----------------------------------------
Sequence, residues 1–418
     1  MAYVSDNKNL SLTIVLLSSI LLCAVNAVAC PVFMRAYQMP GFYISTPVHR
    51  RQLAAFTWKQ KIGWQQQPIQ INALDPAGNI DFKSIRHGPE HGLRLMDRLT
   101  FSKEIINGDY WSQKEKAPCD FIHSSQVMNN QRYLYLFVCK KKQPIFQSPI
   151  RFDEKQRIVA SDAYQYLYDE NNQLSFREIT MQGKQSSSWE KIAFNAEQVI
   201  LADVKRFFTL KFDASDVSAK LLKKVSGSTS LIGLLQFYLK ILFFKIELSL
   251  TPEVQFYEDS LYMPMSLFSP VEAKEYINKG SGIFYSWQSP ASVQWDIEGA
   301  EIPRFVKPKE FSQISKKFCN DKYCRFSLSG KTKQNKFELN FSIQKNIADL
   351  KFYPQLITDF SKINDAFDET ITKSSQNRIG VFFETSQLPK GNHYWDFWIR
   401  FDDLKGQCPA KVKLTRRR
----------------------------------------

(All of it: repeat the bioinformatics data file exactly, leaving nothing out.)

Sequence, residues 1–418
     1  MAYVSDNKNL SLTIVLLSSI LLCAVNAVAC PVFMRAYQMP GFYISTPVHR
    51  RQLAAFTWKQ KIGWQQQPIQ INALDPAGNI DFKSIRHGPE HGLRLMDRLT
   101  FSKEIINGDY WSQKEKAPCD FIHSSQVMNN QRYLYLFVCK KKQPIFQSPI
   151  RFDEKQRIVA SDAYQYLYDE NNQLSFREIT MQGKQSSSWE KIAFNAEQVI
   201  LADVKRFFTL KFDASDVSAK LLKKVSGSTS LIGLLQFYLK ILFFKIELSL
   251  TPEVQFYEDS LYMPMSLFSP VEAKEYINKG SGIFYSWQSP ASVQWDIEGA
   301  EIPRFVKPKE FSQISKKFCN DKYCRFSLSG KTKQNKFELN FSIQKNIADL
   351  KFYPQLITDF SKINDAFDET ITKSSQNRIG VFFETSQLPK GNHYWDFWIR
   401  FDDLKGQCPA KVKLTRRR